Dads of Children with Special Needs
“Children with special health care needs are those children who have or are at risk for chronic physical, developmental, behavioral or emotional conditions and who also require health and related services of a type or amount beyond that required by children generally.” 1
“Each father confronted with his child’s diagnosis responds in his own unique way, often displaying a range of emotions including lack of understanding and fear ... one thing fathers need to hear is that they are not in this alone ... there are other fathers facing similar issues and there are coping strategies and resources that can help.”
W.C. Hoecke, Family Connection of South Carolina
“It is inevitable there will be dads in your programs having disabilities themselves, and also some having children with disabilities … Preparing effectively to meet, interact with, and support dads having special needs or children with special needs will take some planning.”
Greg Schell, Washington State Fathers Network
“We make the journey with dads because no man should be alone.”
Ray Morris, Dads 4 Special Kids
Many families face the challenges associated with raising a child with special needs, a term that covers a broad range of conditions or chronic illnesses such as cerebral palsy, developmental delay, attention deficit hyperactivity disorder (ADHD), dyslexia, autism, Down syndrome, depression, asthma, sickle cell anemia, and cystic fibrosis. According to the 2009-10 National Survey of Children with Special Health Care Needs, approximately 15 percent of children in the United States are estimated to have special health needs and 23 percent of households with children include a child with special health needs.2 Special health needs exist across a wide spectrum and may involve medical, behavioral, developmental, learning, or mental health issues. But all involve worries and concerns that often lead to feelings of isolation and helplessness for parents. Although special health needs may not be the first issue that many fatherhood programs focus on, practitioners should be aware of the issue to fully meet the needs of their program participants.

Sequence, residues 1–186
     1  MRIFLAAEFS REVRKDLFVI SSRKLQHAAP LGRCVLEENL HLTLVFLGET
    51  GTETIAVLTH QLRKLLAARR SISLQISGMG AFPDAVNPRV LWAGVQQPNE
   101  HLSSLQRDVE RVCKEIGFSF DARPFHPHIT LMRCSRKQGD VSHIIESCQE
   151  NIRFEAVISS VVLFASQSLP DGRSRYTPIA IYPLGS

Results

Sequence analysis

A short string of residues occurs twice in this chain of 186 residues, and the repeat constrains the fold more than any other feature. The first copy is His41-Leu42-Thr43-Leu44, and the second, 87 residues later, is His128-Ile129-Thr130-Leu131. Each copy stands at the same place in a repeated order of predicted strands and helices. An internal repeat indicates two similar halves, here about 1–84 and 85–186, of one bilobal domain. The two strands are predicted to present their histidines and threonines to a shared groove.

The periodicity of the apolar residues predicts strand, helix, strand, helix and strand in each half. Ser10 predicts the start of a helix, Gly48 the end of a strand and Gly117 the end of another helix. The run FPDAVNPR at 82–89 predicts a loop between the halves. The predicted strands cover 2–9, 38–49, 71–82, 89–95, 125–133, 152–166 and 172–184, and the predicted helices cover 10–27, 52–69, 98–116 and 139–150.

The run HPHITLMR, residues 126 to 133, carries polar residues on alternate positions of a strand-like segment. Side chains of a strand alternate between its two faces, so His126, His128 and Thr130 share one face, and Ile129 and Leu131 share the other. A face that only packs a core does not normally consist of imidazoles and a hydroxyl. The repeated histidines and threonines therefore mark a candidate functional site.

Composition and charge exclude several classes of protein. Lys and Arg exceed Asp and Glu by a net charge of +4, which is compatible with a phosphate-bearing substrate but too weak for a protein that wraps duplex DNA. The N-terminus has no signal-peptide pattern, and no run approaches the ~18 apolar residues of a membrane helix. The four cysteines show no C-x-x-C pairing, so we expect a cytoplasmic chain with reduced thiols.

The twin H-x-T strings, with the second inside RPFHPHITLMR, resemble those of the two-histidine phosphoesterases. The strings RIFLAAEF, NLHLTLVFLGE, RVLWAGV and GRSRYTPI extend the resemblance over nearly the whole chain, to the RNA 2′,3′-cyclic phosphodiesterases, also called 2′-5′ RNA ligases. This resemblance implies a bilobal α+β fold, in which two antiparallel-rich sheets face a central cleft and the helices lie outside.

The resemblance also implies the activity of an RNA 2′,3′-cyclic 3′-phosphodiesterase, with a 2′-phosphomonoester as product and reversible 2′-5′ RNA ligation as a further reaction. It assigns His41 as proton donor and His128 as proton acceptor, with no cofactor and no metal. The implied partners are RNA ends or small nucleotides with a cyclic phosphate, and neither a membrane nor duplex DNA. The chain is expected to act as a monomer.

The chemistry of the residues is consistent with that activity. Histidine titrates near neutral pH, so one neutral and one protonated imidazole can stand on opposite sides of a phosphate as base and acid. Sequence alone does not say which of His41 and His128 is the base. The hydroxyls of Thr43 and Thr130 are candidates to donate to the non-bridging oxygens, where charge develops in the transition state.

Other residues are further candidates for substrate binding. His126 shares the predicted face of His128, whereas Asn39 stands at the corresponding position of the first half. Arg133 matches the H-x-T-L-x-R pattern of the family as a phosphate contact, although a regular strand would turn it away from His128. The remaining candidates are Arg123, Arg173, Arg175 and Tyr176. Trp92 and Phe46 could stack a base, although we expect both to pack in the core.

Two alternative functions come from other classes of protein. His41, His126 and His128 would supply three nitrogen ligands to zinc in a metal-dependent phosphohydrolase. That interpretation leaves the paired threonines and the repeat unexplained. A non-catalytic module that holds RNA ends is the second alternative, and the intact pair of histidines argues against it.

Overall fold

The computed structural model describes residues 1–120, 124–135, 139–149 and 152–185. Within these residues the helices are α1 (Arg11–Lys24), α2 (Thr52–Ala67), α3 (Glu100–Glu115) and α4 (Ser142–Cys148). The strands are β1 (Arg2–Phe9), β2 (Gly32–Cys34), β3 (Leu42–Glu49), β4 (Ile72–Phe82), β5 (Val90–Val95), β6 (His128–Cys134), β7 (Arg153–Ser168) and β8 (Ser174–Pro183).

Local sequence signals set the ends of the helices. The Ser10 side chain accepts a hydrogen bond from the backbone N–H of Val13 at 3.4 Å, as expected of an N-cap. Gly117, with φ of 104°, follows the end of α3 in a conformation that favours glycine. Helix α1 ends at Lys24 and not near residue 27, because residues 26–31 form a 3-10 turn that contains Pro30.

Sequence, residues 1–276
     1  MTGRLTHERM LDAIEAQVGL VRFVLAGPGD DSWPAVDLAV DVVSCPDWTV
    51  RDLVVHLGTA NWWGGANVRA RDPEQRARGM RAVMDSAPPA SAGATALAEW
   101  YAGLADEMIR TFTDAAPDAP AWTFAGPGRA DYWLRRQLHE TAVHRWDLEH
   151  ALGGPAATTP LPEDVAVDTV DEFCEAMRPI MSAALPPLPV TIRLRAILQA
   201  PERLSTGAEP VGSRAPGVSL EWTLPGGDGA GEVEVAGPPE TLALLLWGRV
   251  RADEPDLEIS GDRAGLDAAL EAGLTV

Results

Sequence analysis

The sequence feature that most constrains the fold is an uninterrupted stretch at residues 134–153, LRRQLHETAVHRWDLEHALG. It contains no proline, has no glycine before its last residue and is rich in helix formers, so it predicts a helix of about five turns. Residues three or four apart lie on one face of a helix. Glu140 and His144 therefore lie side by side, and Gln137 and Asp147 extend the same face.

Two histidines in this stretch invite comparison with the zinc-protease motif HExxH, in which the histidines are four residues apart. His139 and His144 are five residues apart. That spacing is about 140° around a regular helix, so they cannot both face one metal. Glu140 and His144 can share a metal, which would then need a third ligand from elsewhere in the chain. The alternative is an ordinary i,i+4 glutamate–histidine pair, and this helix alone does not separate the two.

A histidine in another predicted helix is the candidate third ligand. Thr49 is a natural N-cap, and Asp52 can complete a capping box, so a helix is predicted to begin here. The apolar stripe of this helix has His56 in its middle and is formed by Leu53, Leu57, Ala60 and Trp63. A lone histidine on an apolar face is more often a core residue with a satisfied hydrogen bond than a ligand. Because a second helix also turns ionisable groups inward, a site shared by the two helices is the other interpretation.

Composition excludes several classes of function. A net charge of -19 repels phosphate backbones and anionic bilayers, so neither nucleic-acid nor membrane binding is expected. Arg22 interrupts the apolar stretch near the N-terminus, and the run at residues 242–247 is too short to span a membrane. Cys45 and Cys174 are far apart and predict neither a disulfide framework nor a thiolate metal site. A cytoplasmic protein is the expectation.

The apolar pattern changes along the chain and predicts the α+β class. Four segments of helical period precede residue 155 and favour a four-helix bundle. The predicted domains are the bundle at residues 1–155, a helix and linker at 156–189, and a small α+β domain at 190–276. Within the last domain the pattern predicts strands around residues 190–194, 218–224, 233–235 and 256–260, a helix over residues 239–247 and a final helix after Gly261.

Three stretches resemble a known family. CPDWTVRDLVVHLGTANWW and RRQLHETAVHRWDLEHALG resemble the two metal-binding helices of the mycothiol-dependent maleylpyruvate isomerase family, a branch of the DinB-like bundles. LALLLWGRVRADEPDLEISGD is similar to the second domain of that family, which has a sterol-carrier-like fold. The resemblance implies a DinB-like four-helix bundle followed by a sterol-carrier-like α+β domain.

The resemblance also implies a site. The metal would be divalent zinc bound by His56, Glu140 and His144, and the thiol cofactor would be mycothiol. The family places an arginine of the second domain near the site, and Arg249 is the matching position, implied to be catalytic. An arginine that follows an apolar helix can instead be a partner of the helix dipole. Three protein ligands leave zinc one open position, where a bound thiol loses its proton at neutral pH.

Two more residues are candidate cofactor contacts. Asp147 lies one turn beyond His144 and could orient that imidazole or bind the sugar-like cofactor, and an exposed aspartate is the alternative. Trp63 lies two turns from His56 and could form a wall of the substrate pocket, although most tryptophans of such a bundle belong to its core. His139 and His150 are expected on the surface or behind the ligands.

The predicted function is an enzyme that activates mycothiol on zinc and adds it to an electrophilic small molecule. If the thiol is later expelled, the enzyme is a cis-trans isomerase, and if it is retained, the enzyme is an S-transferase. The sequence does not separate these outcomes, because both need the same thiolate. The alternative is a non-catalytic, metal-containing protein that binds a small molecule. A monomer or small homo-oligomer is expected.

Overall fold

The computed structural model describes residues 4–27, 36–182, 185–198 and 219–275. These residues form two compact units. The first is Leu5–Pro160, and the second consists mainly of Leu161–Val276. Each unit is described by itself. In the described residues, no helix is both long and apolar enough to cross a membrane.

Making sure that fatherhood program staff are aware of special needs issues and are prepared to assist fathers with support and resources can greatly strengthen services, particularly in programs that work with fathers of infants and young children. For example, most fatherhood curricula include handouts that illustrate the range of behaviors that generally can be expected at different stages of child development. By raising staff awareness, and while acknowledging that children move through these stages differently, a program can encourage fathers to ask for a second opinion if they think that their child is experiencing a developmental delay.